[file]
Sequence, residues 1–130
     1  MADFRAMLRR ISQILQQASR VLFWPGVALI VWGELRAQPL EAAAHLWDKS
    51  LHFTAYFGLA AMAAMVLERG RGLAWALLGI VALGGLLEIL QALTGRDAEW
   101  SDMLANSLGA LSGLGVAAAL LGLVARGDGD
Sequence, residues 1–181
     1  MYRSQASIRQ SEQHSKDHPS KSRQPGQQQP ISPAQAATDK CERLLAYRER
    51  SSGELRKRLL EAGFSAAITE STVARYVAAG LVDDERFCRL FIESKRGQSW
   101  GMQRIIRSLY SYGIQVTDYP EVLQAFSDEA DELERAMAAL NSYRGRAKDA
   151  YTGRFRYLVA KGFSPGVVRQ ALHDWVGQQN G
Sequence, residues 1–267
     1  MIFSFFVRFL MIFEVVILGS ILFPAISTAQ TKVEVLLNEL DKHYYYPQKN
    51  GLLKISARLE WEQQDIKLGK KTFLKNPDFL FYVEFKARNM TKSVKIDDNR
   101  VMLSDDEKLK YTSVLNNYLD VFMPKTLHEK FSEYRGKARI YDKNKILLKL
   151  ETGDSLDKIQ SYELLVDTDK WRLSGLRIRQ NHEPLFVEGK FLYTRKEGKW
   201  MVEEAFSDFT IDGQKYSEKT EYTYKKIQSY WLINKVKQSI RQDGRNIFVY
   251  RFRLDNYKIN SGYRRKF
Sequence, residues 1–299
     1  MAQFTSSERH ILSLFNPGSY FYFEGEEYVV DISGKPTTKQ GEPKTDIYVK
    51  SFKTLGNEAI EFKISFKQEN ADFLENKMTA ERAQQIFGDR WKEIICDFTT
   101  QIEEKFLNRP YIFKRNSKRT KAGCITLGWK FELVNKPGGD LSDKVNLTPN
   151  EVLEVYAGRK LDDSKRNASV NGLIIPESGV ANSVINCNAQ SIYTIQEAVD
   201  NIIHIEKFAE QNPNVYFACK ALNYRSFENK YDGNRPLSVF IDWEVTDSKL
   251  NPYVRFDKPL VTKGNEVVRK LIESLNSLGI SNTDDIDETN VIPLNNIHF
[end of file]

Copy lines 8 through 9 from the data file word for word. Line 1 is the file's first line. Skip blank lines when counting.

   101  GMQRIIRSLY SYGIQVTDYP EVLQAFSDEA DELERAMAAL NSYRGRAKDA
   151  YTGRFRYLVA KGFSPGVVRQ ALHDWVGQQN G